All nostalgia. All the time. Yes, the last few days have been about The Beatles and the 50th Anniversary of their first live US television performance.
We’ve all seen the clips of Ed Sullivan introducing them. He stiffly waves his arm and these neatly groomed Rock n’ Roll rebels in suits and ties break into “All My Loving.” According to an article from Time, “60% of American TVs were tuned to CBS” to watch The Beatles that February 9th. In addition, “The crowd outside stretched over eight blocks, giving the place the revved-up energy of a Broadway opening.”
So, the Beatles were a phenomenon before their first performance. And that performance and their catalogue of work have solidified what people sensed before hand.
They clearly remain a phenomenon so based on the 312,000,000 results (0.26 seconds) from Google when typing in The Beatles.
Last night I was talking to BR – my 9-year-old about The Beatles. By the way, for the record, I like The Beatles but am not a fanatic.
Anyway, after confirming that he had heard of The Beatles, we had a discussion about the band.
“How old are The Beatles now?”
“Well, there were four of them but only two of them are alive now.”
“What happened to the other two?”
“One of them was shot. It was very tragic.”
“December 9th, 1980. I kind of remember it, but it didn’t mean that much to me at the time.”
“Why did someone shoot him?”
“I don’t know. He was a crazed fan.”
“What about the other one who died?”
“What about him?”
“Well, was he killed?”
“No, he just died of old age.”
“How old was he?”
“I don’t know but think about it. If The Beatles first played in America 50 years ago and they were a group for a few years before that. They have to be at least in their 70’s now and he died a few years back. So, he was like 60. ”
“Wow, they’re almost as old as bubbie (Yiddish word meaning grandmother).”
Yes, these men who made teenage girls scream, captured the attention of the world, affected the destiny of music are now either deceased or old men.
Do you realize The Beatles were only together for 10 years? The band officially broke up in 1970 or 6 years after the famed Ed Sullivan show performance (and the year of my birth).
Yet, they remain a force today.
The Beatles are Shakespeare, Beethoven, Robert Frost, etc. They are artists, creators whose work is bigger than themselves.
So, while people are happy and feel nostalgic to see Paul and Ringo together, the music goes way beyond their physical presence. It’s the Beatles music which lives on to future generations and continues to affect others.
That’s truly the power of art.
Pic is courtesy of gOOGLE Images
I’m always amazed by how some individuals can transform a culture. The Beatles certainly have done that. Even my youngest went through a “Beatles” phase. Pretty impressive considering it was in 2012!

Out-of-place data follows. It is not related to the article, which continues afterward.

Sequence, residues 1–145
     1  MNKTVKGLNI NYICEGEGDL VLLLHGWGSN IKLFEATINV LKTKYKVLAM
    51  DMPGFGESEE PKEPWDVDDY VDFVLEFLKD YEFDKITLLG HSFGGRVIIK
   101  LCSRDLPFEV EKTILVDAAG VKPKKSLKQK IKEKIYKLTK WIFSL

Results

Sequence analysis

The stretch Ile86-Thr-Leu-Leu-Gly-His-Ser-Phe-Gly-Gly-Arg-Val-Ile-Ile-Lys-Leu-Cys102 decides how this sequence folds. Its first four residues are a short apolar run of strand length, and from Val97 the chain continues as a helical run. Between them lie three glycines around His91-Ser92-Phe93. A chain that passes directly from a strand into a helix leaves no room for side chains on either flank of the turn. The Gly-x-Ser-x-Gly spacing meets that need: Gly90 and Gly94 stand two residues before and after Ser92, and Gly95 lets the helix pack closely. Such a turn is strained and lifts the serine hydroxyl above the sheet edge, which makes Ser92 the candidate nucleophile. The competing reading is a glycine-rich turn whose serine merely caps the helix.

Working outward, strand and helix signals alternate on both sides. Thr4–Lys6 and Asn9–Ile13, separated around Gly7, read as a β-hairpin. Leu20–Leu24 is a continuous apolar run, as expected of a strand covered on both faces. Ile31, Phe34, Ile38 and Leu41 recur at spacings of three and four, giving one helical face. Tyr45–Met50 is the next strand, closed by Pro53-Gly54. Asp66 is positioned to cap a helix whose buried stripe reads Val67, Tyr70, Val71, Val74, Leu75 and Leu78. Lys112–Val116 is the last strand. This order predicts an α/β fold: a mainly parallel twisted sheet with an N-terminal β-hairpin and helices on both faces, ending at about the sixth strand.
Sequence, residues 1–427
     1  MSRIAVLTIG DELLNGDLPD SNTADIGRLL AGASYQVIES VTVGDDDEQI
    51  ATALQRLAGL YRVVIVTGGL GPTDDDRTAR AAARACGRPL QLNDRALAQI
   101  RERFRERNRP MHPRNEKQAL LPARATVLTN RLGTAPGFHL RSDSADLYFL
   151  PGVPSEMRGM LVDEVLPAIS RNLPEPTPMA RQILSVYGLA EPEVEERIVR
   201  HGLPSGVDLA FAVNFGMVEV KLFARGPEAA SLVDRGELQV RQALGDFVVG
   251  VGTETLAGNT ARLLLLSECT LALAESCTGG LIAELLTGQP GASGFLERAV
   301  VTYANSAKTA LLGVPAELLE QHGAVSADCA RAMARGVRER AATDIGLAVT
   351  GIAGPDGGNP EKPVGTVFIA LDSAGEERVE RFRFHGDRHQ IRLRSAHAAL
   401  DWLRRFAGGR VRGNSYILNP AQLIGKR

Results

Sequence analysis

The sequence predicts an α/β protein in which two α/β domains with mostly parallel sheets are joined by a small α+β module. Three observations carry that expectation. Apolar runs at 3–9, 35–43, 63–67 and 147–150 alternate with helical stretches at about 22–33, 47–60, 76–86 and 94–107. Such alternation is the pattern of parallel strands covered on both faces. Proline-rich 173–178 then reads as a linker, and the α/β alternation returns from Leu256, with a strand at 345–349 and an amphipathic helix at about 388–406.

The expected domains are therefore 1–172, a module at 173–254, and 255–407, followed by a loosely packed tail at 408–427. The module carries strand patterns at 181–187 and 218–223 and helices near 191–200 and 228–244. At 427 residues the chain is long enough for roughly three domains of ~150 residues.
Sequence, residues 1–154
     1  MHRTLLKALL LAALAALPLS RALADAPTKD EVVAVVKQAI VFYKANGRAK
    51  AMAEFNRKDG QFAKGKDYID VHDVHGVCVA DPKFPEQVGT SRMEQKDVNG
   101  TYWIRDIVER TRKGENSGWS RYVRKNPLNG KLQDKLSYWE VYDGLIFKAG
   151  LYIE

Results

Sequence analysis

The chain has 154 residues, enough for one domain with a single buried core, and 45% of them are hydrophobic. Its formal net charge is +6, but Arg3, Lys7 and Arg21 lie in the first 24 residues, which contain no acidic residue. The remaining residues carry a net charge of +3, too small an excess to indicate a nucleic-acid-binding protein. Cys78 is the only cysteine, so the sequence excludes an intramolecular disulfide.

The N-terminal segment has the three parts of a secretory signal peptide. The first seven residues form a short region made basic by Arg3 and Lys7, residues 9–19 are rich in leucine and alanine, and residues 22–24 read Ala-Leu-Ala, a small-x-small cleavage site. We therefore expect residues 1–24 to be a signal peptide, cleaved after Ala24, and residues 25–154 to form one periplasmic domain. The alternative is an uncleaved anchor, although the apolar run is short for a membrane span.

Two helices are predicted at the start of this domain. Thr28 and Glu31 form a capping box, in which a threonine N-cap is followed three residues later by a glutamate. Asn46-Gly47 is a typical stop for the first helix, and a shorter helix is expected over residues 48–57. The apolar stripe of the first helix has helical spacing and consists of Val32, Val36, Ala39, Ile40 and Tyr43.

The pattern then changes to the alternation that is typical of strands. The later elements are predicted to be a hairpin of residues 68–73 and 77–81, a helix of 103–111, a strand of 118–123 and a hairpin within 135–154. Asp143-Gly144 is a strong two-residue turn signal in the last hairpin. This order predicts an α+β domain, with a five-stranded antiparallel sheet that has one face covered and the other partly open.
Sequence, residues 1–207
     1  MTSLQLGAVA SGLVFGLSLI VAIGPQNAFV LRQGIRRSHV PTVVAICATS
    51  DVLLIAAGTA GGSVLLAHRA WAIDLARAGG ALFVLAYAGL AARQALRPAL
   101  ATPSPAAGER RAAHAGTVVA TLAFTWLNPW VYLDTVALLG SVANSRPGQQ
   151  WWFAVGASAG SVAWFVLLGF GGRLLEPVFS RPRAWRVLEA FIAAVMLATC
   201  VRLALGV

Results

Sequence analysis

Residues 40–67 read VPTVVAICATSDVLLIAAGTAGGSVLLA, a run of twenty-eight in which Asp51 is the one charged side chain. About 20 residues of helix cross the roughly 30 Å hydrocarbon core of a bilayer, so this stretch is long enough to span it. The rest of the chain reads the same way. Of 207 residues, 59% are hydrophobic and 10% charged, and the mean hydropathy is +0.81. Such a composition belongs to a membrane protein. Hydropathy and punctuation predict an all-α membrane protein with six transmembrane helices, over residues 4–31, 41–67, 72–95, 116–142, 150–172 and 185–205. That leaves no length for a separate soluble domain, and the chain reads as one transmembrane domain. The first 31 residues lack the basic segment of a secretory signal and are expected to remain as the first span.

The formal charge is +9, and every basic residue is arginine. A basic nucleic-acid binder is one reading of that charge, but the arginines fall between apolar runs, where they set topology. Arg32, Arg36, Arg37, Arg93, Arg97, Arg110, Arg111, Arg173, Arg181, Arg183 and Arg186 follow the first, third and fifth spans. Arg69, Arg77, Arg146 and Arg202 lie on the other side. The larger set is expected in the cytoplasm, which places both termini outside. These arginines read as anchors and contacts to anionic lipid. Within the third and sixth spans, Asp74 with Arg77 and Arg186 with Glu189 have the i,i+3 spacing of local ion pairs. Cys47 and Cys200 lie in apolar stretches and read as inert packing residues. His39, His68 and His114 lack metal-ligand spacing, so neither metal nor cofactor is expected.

I think people will continue going through Beatles phases for many years to come. To affect the culture to that degree, especially if you consider how short their run was, is amazing.
Oh, I love your post – and I think you’re a great writer – but I can’t stand the Beatles… I hope this isn’t too bad. *sigh*
Can’t stand them – wow! I like, not love, them. Well, they are doing just fine without either one of us.
Popular culture rarely makes a blip on my mom’s screen. She had little awareness of the Beatles at the time but the 50th anniversary hit her consciousness and I had almost the exact conversation with her that you had with BR! Now she’s looking up their songs and enjoying them. Thanks for the fun post.
Glad you liked it.
That’s funny to think of your mom now discovering them cool. We could have used them during carpool.
Larry, like you, I’m not a fan of The Beatles… but I’m nobody’s fan. I grew up with their music, and what I truly love about your brilliant article is “The Beatles are Shakespeare, Beethoven, Robert Frost, etc. They are artists, creators whose work is bigger than themselves.” Art forms change as time passes, but universals will survive. Although many of their songs were instrumentally simple and lyrically poor, others reflected issues that still trouble us. Case in point: Nowhere Man, Elinor Rigby, Let It Be. Thank you for an insightful, most timely article.
I do like them – just don’t love them. By the way, Let it Be is one of my favorites.
Yes, it is amazing that some pieces of art stand the test of time and live on way beyond their creator(s). Imagine that!
An enlightening post, Larry. It’s amazing how short the amount of time the Beatles band was together. I didn’t realize that before you brought it to my attention through your post. I could see the wonder in your son’s eyes at the thought of this “band” playing long ago. Yes, that’s what “art” is. Thanks, Larry.
I think some day he’ll enjoy some of their music too even though they are long gone.
Amazing to think about the impact some things have
It warms my heart to hear parents teaching their kids about good music – and especially the Beatles!
A few other factoids that might interest you – on the night that the Beatles appeared on Ed Sullivan, NYC experienced its lowest crime rate in 20 years. Also, the albums they released during their years together amounts a scant ten hours altogether. Ten. And yet here we are, 50 years later, ruminating.
OK, I’ll be shutting up now, before I start sounding like a fanatic.
I saw your blog post title but did not get a chance to read it yet..
I think I heard the fact before about the crime rate – still interesting though. That’s influence!
Yeah, imagine what they’d be like if they all were still alive. Would they be like the Stones and doing that “I swear, this is our LAST tour together” or would they just get together for those rare moments to perform together. Kinda makes you wonder …